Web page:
Reviews provided by Syndetics

Library Journal Review

Beginning with a description of a poster for a punk band and ending with a critique of the movie JFK (the exemplary "Hollywood narrative discourse"), this work marshals an impressive array of cultural information in attempting to provide an overall history of the genre. Simon (Montclair State Univ.) closely examines images and films, relating them to the continuing struggle over the authoring and interpretation of the story of Kennedy's death. Sections are devoted to the journalistic evidence, including the Zapruder film; the works of avant-garde artists Andy Warhol, Bruce Connor, the Ant Farm, and what Simon calls the "Pop Camp"; and, finally, a group of Hollywood films. The author handles the films with flair, providing a chapter on the underappreciated Connor's Report, which we learn in the epilog actually inspired the entire effort. Simon's stated aim of providing a context-a history-is not clearly fulfilled, but this critical examination will no doubt interest all who continue to be fascinated by this controversy.-Jane E. Sloan, Rutgers Univ. Libs., New Brunswick, N.J. (c) Copyright 2010. Library Journals LLC, a wholly owned subsidiary of Media Source, Inc. No redistribution permitted.

CHOICE Review

This study gives the initial impression of an exploration. Simon (Montclair State Univ.) indicates that he will examine the numerous images connected with the JFK assassination from three separate but interacting sites: images that informed the government's investigations and the reportage of the media (e.g., the Zapruder film); American avant-garde films and sixties pop art (e.g., Warhol's silkscreens); and commercial films that shaped--and were shaped by--the cyclical assassination debates (Executive Action, JFK, and others). The author promises both a chronological discourse and a comparison of the images by their production modes and their formal characteristics. This study will appeal to assassination buffs and others with considerable formal background in aesthetics, depth psychology and structuralist criticism of society, culture, art, and especially film/video, but this limited audience will find some serious flaws in this work. The editing is quite uneven, surprising in the distinguished "Culture and the Moving Image" series. There are misspellings and ambiguous grammatical constructions, and labored vocabulary favors the abstruse. Often the reader is confronted by terms that demand knowledge of a particular figure/theory of film criticism, but the author provides no endnotes to help the beginning or intermediate reader. Classic texts are assumed to be in the purview of the reader, and there are references to items that the reader has not seen or viewed. Olsen provides seven plates that deal with works discussed, but fails to give further visual references, a keenly felt absence in a study that makes much of the interpretation of images. Olsen's attempts to chart the interaction of art and politics, to study a line of inquiry across decades, to evaluate the "image as truth" issue to compare and contrast the same issue treated in different forms and styles, and to provoke a response to both the outrageous and overly simplistic attitudes toward the JFK assassination are all worthwhile scholarly endeavors. This reviewer wishes the undertaking had been done more thoroughly, carefully, and clearly so a wider audience could have participated. R. E. Sutton emeritus, American University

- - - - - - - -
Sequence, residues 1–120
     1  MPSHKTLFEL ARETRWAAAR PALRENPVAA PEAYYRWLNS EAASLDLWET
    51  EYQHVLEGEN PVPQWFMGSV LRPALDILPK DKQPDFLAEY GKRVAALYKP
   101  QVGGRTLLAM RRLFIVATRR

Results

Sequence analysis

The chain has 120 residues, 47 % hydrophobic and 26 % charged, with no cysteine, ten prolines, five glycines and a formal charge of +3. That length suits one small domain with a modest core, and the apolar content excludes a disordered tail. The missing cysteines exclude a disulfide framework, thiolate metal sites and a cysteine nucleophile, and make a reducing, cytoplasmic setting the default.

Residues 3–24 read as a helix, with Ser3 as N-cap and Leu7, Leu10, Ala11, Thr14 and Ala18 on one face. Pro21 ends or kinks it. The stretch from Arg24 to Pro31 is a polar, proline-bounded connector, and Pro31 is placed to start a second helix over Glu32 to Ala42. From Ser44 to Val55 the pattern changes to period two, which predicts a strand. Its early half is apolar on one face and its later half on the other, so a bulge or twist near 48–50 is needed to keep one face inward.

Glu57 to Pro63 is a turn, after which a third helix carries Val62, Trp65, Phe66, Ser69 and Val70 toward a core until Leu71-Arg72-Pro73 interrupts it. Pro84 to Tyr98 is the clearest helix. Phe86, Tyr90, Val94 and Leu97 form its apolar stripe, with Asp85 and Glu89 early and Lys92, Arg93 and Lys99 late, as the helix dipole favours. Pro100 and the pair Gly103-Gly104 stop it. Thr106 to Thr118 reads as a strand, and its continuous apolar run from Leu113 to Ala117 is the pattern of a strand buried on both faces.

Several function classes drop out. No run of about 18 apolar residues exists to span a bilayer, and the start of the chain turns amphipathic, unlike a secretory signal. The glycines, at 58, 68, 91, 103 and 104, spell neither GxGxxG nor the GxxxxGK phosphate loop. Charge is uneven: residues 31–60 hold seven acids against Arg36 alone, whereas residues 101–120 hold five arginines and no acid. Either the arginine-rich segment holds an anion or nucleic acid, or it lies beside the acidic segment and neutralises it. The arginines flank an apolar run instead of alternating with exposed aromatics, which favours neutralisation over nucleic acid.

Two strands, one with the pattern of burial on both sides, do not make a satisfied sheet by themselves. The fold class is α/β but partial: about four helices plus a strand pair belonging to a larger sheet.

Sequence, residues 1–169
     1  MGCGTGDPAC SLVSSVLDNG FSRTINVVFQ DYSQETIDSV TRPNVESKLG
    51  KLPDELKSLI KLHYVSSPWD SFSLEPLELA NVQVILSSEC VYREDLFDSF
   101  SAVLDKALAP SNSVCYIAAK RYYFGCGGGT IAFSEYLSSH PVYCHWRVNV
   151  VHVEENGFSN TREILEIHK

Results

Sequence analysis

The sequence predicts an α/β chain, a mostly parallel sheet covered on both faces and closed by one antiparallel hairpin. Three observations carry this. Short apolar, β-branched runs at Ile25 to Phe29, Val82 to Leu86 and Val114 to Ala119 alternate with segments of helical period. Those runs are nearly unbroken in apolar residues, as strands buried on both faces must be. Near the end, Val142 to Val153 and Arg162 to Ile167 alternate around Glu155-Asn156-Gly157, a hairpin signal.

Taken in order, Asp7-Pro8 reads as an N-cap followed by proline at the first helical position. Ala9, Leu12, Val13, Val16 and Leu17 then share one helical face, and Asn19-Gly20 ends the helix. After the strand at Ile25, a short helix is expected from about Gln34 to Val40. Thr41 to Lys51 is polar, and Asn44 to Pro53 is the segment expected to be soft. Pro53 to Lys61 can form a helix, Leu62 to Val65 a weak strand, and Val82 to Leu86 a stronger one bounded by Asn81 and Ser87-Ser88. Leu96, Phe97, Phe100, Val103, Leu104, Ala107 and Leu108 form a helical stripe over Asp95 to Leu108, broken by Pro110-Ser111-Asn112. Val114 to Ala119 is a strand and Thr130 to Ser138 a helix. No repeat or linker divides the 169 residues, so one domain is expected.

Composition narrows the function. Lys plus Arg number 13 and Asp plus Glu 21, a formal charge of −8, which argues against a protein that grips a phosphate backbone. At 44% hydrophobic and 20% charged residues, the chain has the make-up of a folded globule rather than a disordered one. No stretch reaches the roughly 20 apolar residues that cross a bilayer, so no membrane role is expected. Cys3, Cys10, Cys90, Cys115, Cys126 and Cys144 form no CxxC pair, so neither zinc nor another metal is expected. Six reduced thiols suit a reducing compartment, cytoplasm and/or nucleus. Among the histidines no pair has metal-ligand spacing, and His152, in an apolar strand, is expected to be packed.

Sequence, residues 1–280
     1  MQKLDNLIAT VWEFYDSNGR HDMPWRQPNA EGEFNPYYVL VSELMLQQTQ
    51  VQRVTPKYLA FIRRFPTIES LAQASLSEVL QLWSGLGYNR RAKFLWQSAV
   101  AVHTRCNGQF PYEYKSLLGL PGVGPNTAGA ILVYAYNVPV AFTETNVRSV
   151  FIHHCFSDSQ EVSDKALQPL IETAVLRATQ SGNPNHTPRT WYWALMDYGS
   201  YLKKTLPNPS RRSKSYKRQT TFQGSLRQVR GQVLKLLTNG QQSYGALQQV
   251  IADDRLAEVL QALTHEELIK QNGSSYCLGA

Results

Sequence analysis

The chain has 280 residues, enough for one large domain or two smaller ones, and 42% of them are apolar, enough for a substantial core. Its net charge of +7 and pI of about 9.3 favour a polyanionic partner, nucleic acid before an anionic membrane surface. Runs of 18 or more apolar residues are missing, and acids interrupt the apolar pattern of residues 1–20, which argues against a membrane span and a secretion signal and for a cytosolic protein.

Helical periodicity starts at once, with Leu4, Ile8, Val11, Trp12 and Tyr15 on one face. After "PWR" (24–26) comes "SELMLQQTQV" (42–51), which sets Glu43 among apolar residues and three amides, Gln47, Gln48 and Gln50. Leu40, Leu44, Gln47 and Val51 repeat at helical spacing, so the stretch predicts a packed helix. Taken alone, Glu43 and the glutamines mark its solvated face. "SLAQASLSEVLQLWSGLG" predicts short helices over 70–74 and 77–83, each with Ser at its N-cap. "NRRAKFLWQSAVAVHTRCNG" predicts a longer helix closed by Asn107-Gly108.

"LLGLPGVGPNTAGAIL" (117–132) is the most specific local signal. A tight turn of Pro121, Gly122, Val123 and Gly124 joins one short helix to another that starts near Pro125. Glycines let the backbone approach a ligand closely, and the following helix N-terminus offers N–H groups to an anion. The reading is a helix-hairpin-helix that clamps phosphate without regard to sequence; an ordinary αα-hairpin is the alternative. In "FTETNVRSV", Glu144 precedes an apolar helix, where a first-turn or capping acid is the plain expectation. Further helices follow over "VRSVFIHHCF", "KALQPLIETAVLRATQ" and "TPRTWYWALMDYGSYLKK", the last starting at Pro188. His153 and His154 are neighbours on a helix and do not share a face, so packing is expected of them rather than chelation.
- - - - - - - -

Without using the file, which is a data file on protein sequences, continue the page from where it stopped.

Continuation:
Author notes provided by Syndetics

Art Simon is Associate Professor of Film Studies in the English Department at Montclair State University and is co-editor (with Cynthia Lucia and Roy Grundmann) of The Wiley-Blackwell History of American Film .<br>